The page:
As game one between the San Antonio Spurs and Oklahoma City Thunder is set to tip off Monday evening, a key matchup between the two teams will be NBA MVP Kevin Durant, being defended by Spurs forward Kawhi Leonard. Two years ago when the two squads met in the Western Conference Finals, Durant averaged 29.5 points, shot 53.2% from the field, shot 9.3 free throws, grabbed 7.5 rebounds, and threw 5.3 assists in 42.8 minutes per game, against the Spurs in six games, with a rookie Leonard and Stephen Jackson defending him a majority of the series.
Fast-forward two years later, and on the eve of game one of the Western Conference Finals, a more developed version of Leonard on both sides of the ball, is about to take his shot at defending Durant in a new series. Today’s Leonard finished 11th in the NBA Defensive Player of the Year voting this season, and as you’re about see below, he’s also statistically going to be Durant’s toughest challenge on both sides of the ball through this 2013-2014 playoff run.
Solely using the Synergy Sports database, I’ve charted three defenders based on how low they hold their opponents overall on a Points Per Possession ranking amongst all NBA players. The first player is Tony Allen of the Memphis Grizzlies. Allen held Durant to 29.9 points, 44.0% shooting, 8.6 free throws attempts, 9.6 rebounds, and 3.4 assists in 46.3 minutes per game, in seven games against the Thunder.
The second defender is Matt Barnes of the Los Angeles Clippers, who held Durant to 33.2 points, 47.0% shooting, 11.0 free throw attempts, 9.5 rebounds, and 5.3 assists in 42.5 minutes per game, in six games against the Thunder. As you can see from the chart below, Leonard’s rank in all but Post-Up and Spot-Up defense is better in most scoring type categories than both Allen and Barnes. Durant, who also ranks offensively Top-70 in all offensive categories per Synergy, will have a new challenge with Leonard defending him.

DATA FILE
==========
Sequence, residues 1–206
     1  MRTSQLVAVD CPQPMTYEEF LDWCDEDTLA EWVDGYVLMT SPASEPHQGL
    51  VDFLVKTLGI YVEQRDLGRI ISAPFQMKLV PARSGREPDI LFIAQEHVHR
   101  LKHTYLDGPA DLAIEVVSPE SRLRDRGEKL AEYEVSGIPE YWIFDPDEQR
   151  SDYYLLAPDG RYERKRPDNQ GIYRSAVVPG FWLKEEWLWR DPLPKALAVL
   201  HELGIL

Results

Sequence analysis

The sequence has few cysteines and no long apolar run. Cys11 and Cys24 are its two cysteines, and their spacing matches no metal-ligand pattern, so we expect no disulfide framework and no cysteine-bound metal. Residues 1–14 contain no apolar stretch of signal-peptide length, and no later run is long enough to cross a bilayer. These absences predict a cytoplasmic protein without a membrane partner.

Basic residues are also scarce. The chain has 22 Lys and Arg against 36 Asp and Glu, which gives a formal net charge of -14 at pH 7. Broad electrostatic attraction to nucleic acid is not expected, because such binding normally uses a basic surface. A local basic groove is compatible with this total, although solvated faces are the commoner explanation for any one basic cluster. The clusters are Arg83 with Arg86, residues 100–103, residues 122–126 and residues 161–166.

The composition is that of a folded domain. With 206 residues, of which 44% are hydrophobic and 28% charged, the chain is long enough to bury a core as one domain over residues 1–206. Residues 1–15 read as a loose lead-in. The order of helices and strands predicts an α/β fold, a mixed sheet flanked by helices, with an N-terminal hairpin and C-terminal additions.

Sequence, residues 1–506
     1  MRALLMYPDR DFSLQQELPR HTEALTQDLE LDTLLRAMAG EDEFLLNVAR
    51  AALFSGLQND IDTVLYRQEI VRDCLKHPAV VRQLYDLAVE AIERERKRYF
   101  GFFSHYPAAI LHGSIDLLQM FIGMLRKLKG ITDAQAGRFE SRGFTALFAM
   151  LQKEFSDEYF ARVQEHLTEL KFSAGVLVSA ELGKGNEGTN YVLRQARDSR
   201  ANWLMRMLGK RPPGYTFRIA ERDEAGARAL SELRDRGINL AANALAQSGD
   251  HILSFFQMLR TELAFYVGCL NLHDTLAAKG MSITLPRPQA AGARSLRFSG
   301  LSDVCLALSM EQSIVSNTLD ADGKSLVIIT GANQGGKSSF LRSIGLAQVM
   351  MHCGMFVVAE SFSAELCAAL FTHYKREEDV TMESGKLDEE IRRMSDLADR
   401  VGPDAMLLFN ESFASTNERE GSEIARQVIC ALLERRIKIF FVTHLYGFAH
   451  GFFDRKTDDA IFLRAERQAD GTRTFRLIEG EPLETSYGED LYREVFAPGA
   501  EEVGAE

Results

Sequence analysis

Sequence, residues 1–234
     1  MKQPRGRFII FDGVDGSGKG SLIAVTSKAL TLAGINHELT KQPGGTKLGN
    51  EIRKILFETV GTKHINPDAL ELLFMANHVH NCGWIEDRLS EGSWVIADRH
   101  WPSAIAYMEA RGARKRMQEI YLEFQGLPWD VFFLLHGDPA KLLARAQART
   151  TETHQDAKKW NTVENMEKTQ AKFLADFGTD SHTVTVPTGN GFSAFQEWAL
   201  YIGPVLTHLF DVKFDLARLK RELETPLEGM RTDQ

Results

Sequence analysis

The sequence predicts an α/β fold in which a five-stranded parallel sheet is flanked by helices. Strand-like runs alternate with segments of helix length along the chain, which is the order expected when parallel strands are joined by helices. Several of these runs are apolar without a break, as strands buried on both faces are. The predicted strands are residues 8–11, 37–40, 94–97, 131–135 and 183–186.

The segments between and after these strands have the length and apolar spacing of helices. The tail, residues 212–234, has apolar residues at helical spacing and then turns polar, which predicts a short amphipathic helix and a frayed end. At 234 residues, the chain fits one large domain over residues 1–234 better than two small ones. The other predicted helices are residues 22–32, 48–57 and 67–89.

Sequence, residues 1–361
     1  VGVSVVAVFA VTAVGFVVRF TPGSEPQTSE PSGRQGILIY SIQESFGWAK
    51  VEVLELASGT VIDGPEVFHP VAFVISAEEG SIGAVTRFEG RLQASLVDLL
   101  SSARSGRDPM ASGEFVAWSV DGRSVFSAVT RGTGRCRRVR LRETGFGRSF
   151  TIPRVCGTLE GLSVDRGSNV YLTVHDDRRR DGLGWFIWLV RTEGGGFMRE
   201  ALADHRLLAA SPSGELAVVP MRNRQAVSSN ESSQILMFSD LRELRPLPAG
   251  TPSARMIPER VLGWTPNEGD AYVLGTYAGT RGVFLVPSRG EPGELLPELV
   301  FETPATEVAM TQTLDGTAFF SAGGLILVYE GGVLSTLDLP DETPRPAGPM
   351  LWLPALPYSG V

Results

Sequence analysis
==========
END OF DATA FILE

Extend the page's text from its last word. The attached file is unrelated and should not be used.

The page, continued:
|Play Type||Tony Allen (Def)
Points Per Poss. (Rank)
|Matt Barnes (Defense)||Kawhi Leonard (Defense)
||Kevin Durant (Offense)
|Overall||0.88 PPP (193)||0.83 PPP (91)||0.78 PPP (36)||1.08 PPP (15)|
|Isolation||1.05 PPP (280)||0.79 PPP (116)||0.69 PPP (50)||1.08 PPP (4)|
|P&R Ball Handler||0.81 PPP (128)||0.80 PPP (116)||0.65 PPP (20)||1.00 PPP (4)|
|Post Up||1.13 PPP (NR)||0.89 PPP (165)||1.00 PPP (232)||1.04 PPP (14)|
|P&R Roll Man||0.50 PPP (NR)||1.13 PPP (NR)||1.28 PPP (NR)||1.15 PPP (24)|
|Spot Up||0.93 PPP (131)||0.75 PPP (12)||0.95 PPP (171)||1.19 PPP (26)|
|Off Screen||0.86 PPP (71)||1.01 PPP (138)||0.73 PPP (24)||0.93 PPP (68)|
|Hand Off||0.69 PPP (22)||0.97 PPP (95)||0.63 PPP (10)||0.91 PPP (51)|
One of the biggest areas Leonard will have to stay clear of his personal foul count. If he draws two to three early fouls, he’ll likely have to sit on the bench for a large portion of the game, which would put the Spurs in a position they’d likely not want to be in – having to use their second or third defensive back up plans for Durant.
As Jose Grijalva of Project Spurs also wrote recently, the one storyline most aren’t talking about is how Durant will have to play defense on Leonard. In the second round against the Portland Trail Blazers, Leonard finished as the Spurs’ second leading scorer, averaging 17.0 points, shooting 56.1% from the floor, 52.9% from three, and grabbing 7.6 rebounds in 30.4 minutes per game. As Grijalva noted in his column, Leonard’s aggressiveness on offense could force Durant to spend more than his usual amount of energy on the defensive end, which could reduce his output and efficiency on the offensive end, where the Thunder need him to be one of their three best players in production.
If Leonard could make last season’s MVP, LeBron James of the Miami Heat make this reaction in last year’s NBA Finals, it’ll be interesting to see what or if he can be a nuisance defensively on Durant in the coming days.
(Statistics via NBA.com/stats, Synergy Sports)